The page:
The Star Wars Fan Film Awards competition was discontinued in 2012 with an uncertain future. The stall of the competition lines up with the sale of Lucasfilm to Disney and questions would arise to the future of an open fan film market free of copyright takedowns. During this period, the Star Trek fan film Axanar received a lot of attention for its Kickstarter raising over $100,000 for a feature film. The production received cease and desist notices, and the general question of what constitutes a fan film vs. copyright infringement became a question for many film centric fandoms and what the future of short films may be for other intellectual properties. Lucasfilm and Disney, for their part, seem to be warming to the idea of nurturing an enthusiastic and creative fan base; and have reopened The Star Wars Fan Film Awards as of 2016, and seem to be amenable to a community driven effort that doesn’t profit from the core intellectual property.

Finally, let’s talk about Hollywood persona non-grata Josh Trank. Trank was the original pick for the director of Rogue One, but left the project due to unspecified factors. Following the his vision of announcement of his departure from the project in 2015, Trank dropped his infamous tweet about a version of Fantastic Four that the audience would never see, implied because of studio interference. The next day, Fantastic Four was released to negative critical reaction and was a box office bomb. Trank has been mostly invisible in Hollywood since then, with a reported project with Tom Hardy in development  His departure and subsequent drama had been the first sign of turmoil with Rogue One following Disney’s ambitious announcement for a ‘Star Wars every year’, and with the other announcements of Tony Gilroy taking over rewrite and reshoot duties from Gareth Edwards, it’s lucky Trank avoided additional perceptions of being a difficult director.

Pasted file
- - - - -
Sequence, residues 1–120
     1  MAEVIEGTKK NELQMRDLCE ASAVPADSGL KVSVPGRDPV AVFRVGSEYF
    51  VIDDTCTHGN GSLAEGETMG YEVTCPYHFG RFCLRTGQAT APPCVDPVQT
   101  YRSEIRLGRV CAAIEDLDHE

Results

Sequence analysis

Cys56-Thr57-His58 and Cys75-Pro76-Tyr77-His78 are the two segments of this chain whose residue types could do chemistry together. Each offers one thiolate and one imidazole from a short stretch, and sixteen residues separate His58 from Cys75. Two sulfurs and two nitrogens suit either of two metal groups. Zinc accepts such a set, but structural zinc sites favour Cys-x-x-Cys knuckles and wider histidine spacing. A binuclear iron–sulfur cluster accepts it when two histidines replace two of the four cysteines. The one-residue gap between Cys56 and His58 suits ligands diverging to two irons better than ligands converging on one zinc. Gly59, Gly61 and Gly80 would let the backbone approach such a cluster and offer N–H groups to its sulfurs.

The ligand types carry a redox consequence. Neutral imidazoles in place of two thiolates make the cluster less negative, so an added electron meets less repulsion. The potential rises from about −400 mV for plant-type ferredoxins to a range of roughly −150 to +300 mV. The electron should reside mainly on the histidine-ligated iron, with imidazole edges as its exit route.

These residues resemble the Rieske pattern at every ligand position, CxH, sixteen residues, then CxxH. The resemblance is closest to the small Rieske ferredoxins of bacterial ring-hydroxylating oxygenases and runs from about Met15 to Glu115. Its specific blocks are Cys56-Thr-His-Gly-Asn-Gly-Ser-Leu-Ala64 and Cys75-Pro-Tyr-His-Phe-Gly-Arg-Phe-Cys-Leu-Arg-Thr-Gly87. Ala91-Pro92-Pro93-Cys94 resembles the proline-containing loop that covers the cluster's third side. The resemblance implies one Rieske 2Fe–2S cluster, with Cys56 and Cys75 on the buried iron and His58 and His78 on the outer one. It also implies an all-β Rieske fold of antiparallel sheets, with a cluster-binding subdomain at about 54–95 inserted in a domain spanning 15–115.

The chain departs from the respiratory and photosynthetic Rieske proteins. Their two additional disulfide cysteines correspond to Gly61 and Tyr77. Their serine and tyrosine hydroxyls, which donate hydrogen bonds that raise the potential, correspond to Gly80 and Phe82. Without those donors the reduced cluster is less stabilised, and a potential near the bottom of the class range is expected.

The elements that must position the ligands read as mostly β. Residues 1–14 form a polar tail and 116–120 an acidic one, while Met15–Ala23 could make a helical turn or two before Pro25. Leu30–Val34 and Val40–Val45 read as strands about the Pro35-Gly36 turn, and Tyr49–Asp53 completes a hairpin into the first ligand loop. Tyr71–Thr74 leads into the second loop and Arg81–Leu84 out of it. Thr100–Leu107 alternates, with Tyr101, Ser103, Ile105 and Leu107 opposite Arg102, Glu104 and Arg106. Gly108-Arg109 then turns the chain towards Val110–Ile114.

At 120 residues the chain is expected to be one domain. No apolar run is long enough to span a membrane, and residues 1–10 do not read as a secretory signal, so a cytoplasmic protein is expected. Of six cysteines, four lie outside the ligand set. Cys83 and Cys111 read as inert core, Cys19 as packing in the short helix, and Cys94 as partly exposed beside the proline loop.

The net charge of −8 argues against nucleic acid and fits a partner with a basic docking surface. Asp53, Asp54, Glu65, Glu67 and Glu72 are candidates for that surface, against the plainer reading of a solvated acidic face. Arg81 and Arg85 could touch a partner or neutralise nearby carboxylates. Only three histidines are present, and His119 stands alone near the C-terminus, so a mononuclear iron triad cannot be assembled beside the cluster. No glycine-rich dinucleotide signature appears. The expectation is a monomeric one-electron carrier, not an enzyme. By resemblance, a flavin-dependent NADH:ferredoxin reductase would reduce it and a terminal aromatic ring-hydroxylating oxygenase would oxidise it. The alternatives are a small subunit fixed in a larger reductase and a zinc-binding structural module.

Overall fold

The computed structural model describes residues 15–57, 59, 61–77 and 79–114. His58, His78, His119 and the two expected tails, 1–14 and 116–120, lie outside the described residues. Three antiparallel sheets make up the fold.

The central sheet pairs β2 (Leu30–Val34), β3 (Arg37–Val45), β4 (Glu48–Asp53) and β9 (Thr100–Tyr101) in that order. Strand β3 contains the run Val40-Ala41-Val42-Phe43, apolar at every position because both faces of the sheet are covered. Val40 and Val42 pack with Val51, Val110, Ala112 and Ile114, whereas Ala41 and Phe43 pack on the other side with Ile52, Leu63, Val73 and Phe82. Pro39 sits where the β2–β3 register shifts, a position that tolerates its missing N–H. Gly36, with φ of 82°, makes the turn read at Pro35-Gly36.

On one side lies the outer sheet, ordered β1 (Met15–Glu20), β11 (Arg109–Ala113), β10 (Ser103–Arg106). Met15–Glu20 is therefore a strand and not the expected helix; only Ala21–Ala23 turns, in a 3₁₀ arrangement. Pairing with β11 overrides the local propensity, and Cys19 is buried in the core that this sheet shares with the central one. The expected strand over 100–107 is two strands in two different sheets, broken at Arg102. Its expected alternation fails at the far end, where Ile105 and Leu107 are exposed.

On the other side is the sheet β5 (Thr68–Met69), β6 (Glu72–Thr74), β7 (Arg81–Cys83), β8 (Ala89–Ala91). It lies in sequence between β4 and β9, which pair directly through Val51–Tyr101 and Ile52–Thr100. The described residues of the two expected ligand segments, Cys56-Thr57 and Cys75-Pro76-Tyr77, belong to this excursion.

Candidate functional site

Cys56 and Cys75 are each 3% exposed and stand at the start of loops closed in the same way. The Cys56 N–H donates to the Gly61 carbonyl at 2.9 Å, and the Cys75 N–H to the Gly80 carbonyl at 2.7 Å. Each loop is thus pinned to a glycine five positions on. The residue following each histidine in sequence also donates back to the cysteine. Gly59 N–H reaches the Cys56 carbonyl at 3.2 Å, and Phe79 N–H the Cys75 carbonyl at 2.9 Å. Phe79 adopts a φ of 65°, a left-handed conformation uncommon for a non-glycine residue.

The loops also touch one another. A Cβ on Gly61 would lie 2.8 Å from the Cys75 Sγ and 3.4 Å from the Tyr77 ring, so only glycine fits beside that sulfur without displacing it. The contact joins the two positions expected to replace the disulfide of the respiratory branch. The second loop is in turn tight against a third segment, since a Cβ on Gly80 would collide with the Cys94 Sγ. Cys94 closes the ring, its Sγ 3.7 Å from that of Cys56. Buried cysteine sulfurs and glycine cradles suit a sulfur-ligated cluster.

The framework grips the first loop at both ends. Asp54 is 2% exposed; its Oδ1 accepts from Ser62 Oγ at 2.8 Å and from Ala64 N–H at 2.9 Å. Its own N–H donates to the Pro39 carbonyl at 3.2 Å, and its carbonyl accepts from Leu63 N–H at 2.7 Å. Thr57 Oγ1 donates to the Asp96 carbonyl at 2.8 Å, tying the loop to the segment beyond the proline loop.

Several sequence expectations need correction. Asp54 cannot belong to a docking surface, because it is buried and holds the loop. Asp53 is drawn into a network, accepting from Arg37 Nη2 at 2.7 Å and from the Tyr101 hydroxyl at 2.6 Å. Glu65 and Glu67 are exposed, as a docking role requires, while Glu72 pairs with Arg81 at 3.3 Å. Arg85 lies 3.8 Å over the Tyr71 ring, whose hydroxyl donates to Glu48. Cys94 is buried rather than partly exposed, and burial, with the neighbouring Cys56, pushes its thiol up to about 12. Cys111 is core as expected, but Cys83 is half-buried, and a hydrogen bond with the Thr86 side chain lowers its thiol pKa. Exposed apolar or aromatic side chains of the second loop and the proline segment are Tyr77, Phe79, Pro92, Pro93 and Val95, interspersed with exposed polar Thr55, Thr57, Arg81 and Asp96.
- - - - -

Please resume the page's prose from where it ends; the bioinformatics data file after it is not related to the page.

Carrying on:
For Trank, Rogue One was supposed to represent a creative homecoming. Trank first got attention for a short film that became a bit of a viral sensation, 2007’s Stabbing at Leia’s. It’s a short video, almost more a sketch than a film, and depicts a fairly racious party in a modern setting. A drunken, testosterone driven fight ensues, and the authorities have to be called. It’s surreal, violent and funny in a way that makes you remember the promise of Trank, and slightly wistful for what his version of Rogue One could have been.